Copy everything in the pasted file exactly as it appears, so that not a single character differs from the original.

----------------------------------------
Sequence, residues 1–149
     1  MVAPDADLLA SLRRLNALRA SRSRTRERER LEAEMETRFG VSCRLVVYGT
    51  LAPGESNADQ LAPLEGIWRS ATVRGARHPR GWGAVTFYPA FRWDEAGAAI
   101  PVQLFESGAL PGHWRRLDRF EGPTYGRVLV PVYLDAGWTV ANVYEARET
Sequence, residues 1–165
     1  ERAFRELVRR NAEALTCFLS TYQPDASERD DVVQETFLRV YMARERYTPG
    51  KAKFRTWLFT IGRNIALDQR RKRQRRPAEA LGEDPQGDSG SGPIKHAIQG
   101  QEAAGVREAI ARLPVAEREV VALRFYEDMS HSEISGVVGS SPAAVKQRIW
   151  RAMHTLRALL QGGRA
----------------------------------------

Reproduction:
Sequence, residues 1–149
     1  MVAPDADLLA SLRRLNALRA SRSRTRERER LEAEMETRFG VSCRLVVYGT
    51  LAPGESNADQ LAPLEGIWRS ATVRGARHPR GWGAVTFYPA FRWDEAGAAI
   101  PVQLFESGAL PGHWRRLDRF EGPTYGRVLV PVYLDAGWTV ANVYEARET
Sequence, residues 1–165
     1  ERAFRELVRR NAEALTCFLS TYQPDASERD DVVQETFLRV YMARERYTPG
    51  KAKFRTWLFT IGRNIALDQR RKRQRRPAEA LGEDPQGDSG SGPIKHAIQG
   101  QEAAGVREAI ARLPVAEREV VALRFYEDMS HSEISGVVGS SPAAVKQRIW
   151  RAMHTLRALL QGGRA